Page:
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New dimensions of quantum information added through hyperentanglement

By - July 1, 2015 1 Picture

In quantum cryptography, encoding entangled photons with particular spin states is a technique that ensures data transmitted over fiber networks arrives at its destination without being intercepted or changed. However, as each entangled pair is usually only capable of being encoded with one state (generally the direction of its polarization), the amount of data carried is limited to just one quantum bit per photon. To address this limitation, researchers have now devised a way to "hyperentangle" photons that they say can increase the amount of data carried by a photon pair by as much as 32 times.

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— Science

Shape-shifting nanoprobes report on internal body conditions using magnetic fields

By - April 5, 2015 3 Pictures
Scientists have developed a new type of shape-shifting nanoprobe that can perform high-resolution remote biological sensing not possible with current technology. Around one-tenth the size of a single red blood cell, the nanoprobes are designed to provide accurate feedback on internal body conditions by altering their magnetic fields in response to their environment. The researchers predict wide-spread applications for the nanoprobes in the fields of chemistry, biology, engineering and, one day, to aid physicians in high-accuracy clinical diagnostics. Read More
— Science

Put Christmas Lego to good use: Measure Planck’s Constant with it

By - December 15, 2014 2 Pictures
Lego is a popular Christmas gift, and young and old alike can derive hours of pleasure building with those little plastic blocks. But, like a lot of playthings, the novelty wears off soon enough and you find yourself drifting back to watch Christmas TV re-runs. But what if you could use that Lego to construct real scientific equipment; would that maintain your enthusiasm? Well hang on to your plastic blocks, because engineers have designed an experiment that uses Lego and a few other bits and pieces that allows any keen tinkerer to build a device that not only determines Planck's Constant but may also help quantify the international standard unit of mass. Read More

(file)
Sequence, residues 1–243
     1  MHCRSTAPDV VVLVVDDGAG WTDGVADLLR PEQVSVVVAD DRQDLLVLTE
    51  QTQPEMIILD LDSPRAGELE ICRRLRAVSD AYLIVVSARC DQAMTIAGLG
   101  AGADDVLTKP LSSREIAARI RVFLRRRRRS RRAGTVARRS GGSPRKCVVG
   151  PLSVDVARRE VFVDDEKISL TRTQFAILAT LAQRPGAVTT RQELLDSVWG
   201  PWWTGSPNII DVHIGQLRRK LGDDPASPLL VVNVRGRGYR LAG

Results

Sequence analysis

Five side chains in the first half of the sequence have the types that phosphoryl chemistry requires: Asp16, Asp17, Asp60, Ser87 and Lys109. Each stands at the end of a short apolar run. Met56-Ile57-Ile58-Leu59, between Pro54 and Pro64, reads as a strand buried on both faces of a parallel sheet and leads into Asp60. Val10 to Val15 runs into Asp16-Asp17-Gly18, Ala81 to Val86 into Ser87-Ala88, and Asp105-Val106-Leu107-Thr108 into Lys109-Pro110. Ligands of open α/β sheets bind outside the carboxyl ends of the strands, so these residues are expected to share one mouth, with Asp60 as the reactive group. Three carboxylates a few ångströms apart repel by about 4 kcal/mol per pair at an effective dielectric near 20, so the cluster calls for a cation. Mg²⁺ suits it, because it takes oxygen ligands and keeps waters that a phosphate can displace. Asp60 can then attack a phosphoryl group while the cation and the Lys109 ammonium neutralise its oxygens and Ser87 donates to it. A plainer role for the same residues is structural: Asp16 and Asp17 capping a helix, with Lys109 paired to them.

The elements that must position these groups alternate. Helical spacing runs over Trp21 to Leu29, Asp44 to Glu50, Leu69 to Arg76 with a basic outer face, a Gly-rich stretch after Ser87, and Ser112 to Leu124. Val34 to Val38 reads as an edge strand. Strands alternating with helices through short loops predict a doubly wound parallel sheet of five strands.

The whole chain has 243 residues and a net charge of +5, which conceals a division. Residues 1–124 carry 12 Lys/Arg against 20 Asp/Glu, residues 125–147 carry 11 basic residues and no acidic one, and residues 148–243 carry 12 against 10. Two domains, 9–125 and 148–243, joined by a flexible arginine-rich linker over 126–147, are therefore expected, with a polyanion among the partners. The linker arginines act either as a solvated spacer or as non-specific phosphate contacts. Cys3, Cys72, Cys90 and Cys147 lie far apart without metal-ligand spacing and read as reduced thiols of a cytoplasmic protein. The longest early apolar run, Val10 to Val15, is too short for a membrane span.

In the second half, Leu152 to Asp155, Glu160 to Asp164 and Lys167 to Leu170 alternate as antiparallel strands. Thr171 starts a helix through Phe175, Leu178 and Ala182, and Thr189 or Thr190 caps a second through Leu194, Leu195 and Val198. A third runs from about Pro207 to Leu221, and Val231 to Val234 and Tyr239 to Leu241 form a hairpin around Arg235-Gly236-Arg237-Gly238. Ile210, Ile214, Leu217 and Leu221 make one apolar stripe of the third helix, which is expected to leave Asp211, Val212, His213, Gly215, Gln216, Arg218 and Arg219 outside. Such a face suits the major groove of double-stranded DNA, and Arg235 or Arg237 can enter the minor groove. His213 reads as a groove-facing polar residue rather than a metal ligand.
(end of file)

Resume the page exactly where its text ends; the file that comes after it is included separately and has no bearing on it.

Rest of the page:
— Science

NIST's new laser technology allows high-definition 3D mapping at a distance

By - October 13, 2014 5 Pictures
Using an enhanced LADAR (Laser Detection And Ranging) system, researchers at the National Institute of Standards and Technology (NIST) have created a long-range, laser-based imaging device that can generate high-definition 3D maps of objects at distances of up to 10.5 m (35 ft). The technology could find applications in precision machining and assembly, as well as in forensics where it could map evidence non-destructively. Read More
— Science

Gold nanomotors clocked at a record 150,000 RPM

By - July 23, 2014 1 Picture
Scientists at the National Institute of Standards and Technology (NIST) have discovered that a gold nanorod submerged in water and exposed to high-frequency ultrasound waves can spin at an incredible speed of 150,000 RPM, about ten times faster than the previous record. The advance could lead to powerful nanomotors with important applications in medicine, high-speed machining, and the mixing of materials. Read More
— Science

New US time standard launched with NIST-F2 atomic clock

By - April 9, 2014 3 Pictures
If you’re someone who is happy to spend an hour setting the clock on the microwave because it has to be just right, then the news out of the US Department of Commerce's National Institute of Standards and Technology (NIST) is right up your alley. NIST has announced the launch of a new atomic clock as the official standard for civilian time. Called NIST-F2, it is so accurate that it will lose only one second in 300 million years. Read More
— Science

World's most precise clock only a second out every five billion years

By - January 22, 2014 3 Pictures
Not satisfied with the accuracy of the "quantum logic clock" (which only gains or loses one second every 3.7 billion years), the National Institute of Standards and Technology (NIST) and JILA have unveiled an even more precise timekeeper. The strontium lattice clock sets new standards for precision and stability, only gaining or losing one second about every five billion years. Read More
— Science

Carbon nanotubes used to create a flame-retardant coating for furniture

By - January 16, 2014 1 Picture
Your furniture could kill you. According to the US National Fire Protection Association, nearly 20 percent of home fire deaths between 2006 and 2010 occurred in fires where upholstered furniture was the first item to ignite. It's actually not so much the exterior fabric that burns, as it is the foam beneath it. With that in mind, scientists at the National Institute of Standards and Technology (NIST) have used carbon nanotubes to create a coating for that foam, that reduces its flammability by 35 percent. Read More
— Architecture

Suburban house to demonstrate net-zero energy usage

By - September 14, 2012 6 Pictures
The opening of a suburban house doesn’t usually warrant a ribbon-cutting ceremony, but a new house constructed in Gaithersburg, Maryland, is special. Built for the U.S. Commerce Department’s National Institute of Standards and Technology (NIST), the typical-looking suburban home is designed to provide researchers with a place to test various high-efficiency and alternative energy systems, materials and designs. As a result, the Net-Zero Energy Residential Test Facility (NZERTF), as it is known, is expected, over the course of a year, to generate as much energy as a family of four living in it would consume in that period. Read More
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